Saturday, April 10, 2010

Stuffed Rice Balls (Arancini)

OK.  This was a HUGE hit the two times I served it this month.  So, by popular demand, this recipe is about to be blogged.

It's messy, it's time consuming, and it's a hassle - I'll be honest.  But if you want something that your 2 year old and your 87-year old grandmother will both rave about this is a 100% guranteed crowd pleaser.

Arancini (Stuffed Rice Balls)
  • 1 3/4 cups chicken stock, vegetable stock, or water
  • 1 cup rice
  • 1/2 teaspoon salt
  • 1/4 cup pecorino or parmesan cheese, finely grated
  • 2 tablespoons fresh Italian (flat leaf) parsely
  • 2 tablespoons salami, finely chopped
  • 2 eggs
  • 4 ounces fresh mozzarella, cut into 1/2-inch cubes
  • 1 tablespoon water
  • 3/4 cup finely ground bread crumbs
  • Olive oil (for frying)
In a large saucepan over high heat, add stock or water.  Cover and bring to a boil.  Add rice and salt, and stir.  Cover, lower heat, and simmer for 15 to 17 minutes or until rice is tender but not mushy.  Remove from heat, mix, and let air dry, uncovered, for 5 minutes.  Add the pecorino or parmesan cheese, parsely, salami and one egg.  Set mixture aside until it is cool enough to handle.

In a medium-sized bowl, add remaining egg and water and beat well.  Put breadcrumbs in a separate flat dish.

Using a small scoop or measuring spoon, place 1 1/2 to 2 tablespoons of rice into the palm of one hand.  Roll into a ball.  Press thumb into the center and tuck in a square of cheese.  Roll to seal cheese securely.  If rice is too sticky, dredge hands with flour before forming ball.  Put rice ball on a cookie sheet and repeat process until rice is all used up.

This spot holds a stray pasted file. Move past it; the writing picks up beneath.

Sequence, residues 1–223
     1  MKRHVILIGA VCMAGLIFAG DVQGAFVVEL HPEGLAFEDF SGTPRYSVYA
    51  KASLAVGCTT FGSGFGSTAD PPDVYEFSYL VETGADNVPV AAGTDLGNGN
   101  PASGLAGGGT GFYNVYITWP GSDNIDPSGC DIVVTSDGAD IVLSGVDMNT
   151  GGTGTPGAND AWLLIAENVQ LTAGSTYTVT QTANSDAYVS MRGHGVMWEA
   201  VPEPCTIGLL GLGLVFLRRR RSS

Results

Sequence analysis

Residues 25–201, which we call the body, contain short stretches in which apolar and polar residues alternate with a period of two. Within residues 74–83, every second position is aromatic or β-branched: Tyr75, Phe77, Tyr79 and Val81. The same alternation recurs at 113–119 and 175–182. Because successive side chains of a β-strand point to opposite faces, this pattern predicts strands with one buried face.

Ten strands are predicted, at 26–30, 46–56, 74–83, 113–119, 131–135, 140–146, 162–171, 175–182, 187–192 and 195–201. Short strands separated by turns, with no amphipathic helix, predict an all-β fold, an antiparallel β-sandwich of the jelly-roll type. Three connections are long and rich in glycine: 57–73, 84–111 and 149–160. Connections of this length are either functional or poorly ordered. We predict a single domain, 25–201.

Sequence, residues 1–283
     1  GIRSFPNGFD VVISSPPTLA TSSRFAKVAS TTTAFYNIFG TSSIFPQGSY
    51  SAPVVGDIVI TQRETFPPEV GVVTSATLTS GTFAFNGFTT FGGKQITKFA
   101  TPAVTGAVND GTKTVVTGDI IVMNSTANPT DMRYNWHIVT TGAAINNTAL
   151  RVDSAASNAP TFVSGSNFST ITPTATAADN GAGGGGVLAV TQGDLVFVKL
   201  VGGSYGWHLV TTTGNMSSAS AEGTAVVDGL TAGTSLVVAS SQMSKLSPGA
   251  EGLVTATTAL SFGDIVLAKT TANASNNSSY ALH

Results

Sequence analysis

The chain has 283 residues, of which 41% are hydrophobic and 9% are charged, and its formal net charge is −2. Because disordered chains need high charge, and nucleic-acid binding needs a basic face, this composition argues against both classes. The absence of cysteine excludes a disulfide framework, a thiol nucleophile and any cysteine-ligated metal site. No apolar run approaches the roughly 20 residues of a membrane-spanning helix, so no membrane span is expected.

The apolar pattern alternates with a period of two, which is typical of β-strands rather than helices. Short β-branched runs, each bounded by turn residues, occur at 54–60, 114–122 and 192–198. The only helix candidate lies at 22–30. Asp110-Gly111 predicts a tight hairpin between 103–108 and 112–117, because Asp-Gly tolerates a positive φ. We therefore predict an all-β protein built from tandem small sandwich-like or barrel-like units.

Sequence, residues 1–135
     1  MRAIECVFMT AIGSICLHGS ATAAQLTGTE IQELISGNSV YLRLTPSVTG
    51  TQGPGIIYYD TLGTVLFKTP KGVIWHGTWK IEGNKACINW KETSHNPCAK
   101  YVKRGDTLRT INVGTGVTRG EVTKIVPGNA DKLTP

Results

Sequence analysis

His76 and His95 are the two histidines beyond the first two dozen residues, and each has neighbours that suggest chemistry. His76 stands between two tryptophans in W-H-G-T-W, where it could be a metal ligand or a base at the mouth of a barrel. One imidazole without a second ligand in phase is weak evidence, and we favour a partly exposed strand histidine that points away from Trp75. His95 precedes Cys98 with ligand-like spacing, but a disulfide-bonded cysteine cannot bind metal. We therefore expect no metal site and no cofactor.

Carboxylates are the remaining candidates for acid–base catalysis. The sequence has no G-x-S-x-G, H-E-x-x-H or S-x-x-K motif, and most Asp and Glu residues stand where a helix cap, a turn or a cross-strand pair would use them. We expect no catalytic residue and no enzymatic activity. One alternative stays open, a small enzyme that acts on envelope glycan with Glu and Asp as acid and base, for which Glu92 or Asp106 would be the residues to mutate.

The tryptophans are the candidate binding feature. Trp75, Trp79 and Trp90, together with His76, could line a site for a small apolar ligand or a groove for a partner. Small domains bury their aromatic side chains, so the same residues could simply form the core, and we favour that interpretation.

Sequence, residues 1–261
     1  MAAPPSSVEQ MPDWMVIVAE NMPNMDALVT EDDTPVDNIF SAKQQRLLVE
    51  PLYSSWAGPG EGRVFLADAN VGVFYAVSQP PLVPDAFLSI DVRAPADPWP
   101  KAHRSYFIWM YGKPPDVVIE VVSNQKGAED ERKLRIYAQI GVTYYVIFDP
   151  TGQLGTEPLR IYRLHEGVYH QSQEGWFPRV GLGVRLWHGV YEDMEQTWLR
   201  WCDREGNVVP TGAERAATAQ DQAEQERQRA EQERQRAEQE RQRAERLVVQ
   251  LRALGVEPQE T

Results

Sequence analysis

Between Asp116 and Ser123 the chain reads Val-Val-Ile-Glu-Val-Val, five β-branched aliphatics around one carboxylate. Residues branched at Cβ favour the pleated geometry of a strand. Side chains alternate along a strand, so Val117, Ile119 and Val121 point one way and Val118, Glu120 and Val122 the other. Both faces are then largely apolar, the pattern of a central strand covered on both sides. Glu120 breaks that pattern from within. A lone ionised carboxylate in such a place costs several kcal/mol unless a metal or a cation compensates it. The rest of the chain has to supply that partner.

Roll each rice ball in the egg bath and then in the bread crumbs and return to cookie sheet.  Repeat until all are coated.

In a large heavy skillet, over medium-high heat, add about 1 inch of olive oil.  It is ready when the surface of the oil shimmers.  Fry the rice balls a few at a time; do not crowd the pan.  Turn constantly and cook until golden brown, about 1-1/2 to 2 minutes.  Do not leave unattended.  Drain on a paper towel and serve hot or warm.

Recipe source: Cucina di Calabria: Treasured Recipes and Family Traditions from Southern Italy, Mary Amabile Palmer.

Tuesday, April 6, 2010

Chocolate Olive Oil Cake

Wow.  Chocolate and Olive Oil really do go together.  I didn't believe it at first either, but wow.

I'm most excited to discover this recipe because it takes longer to grease and flour the pans than it does to assemble the batter.  Awesome!  This cake freezes well (unfrosted).

About 25 cents per serving: Vegetarian

Torta di Ciccolata all' Olio d'Oliva

  • 3 cups unbleached all-purpose flour (organic, if possible)
  • 2 cups sugar (organic & unbleached, if possible)
  • 6 tablespoons cocoa (high quality)
  • 2 teaspoons baking soda
  • 1/2 teaspoon salt
  • 3/4 cup extra virgin olive oil (high quality)
  • 2 tablespoons white vinegar
  • 1 tablespoon vanilla extract
  • 2 cups cold water
Preheat oven to 350 degrees F.

Butter and flour two 9-inch cake pans (or springform pans) and set aside.

Mix the dry ingredients together in a large bowl.

With a hand mixer on slow speed, beat in the wet ingredients until smooth.

Pour equally into prepared pans.

Bake for 30 minutes, or until a toothpick inserted inside comes out clean.  Do not overbake.  The cake should be firm to the touch.

Place the cake pans on a cooling rack and cool for 15-20 minutes, then remove the cakes from the pans to cool completely.


Idea 1: You could whip together 16 ounces of cream cheese (at room temperature) with 3-4 cups of confectioners sugar and 1/4 teaspoon cinnamon oil (or 1 tablespoon almond extract).  Frost.

Idea 2: Serve torte-style with raspberry jam.

Idea 3: Serve torte-style with plain yogurt and seasonal berries (or ice cream).

Recipe Source: Ciao Italia in Umbria: Recipes and Reflections from the Heart of Italy, Mary Ann Esposito (2002).